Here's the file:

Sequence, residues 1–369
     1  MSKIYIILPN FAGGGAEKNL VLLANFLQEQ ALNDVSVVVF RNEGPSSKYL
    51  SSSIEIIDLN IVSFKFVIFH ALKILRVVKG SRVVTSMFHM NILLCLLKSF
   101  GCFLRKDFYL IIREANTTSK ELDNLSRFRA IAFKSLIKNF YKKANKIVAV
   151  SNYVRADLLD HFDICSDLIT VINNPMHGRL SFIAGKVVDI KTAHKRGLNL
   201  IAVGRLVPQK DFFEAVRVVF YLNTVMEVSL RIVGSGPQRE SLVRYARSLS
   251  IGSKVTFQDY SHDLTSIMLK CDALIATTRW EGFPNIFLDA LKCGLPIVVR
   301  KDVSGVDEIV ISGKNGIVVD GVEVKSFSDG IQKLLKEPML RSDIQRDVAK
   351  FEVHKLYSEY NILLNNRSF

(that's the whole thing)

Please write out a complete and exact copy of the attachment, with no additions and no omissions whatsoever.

Sequence, residues 1–369
     1  MSKIYIILPN FAGGGAEKNL VLLANFLQEQ ALNDVSVVVF RNEGPSSKYL
    51  SSSIEIIDLN IVSFKFVIFH ALKILRVVKG SRVVTSMFHM NILLCLLKSF
   101  GCFLRKDFYL IIREANTTSK ELDNLSRFRA IAFKSLIKNF YKKANKIVAV
   151  SNYVRADLLD HFDICSDLIT VINNPMHGRL SFIAGKVVDI KTAHKRGLNL
   201  IAVGRLVPQK DFFEAVRVVF YLNTVMEVSL RIVGSGPQRE SLVRYARSLS
   251  IGSKVTFQDY SHDLTSIMLK CDALIATTRW EGFPNIFLDA LKCGLPIVVR
   301  KDVSGVDEIV ISGKNGIVVD GVEVKSFSDG IQKLLKEPML RSDIQRDVAK
   351  FEVHKLYSEY NILLNNRSF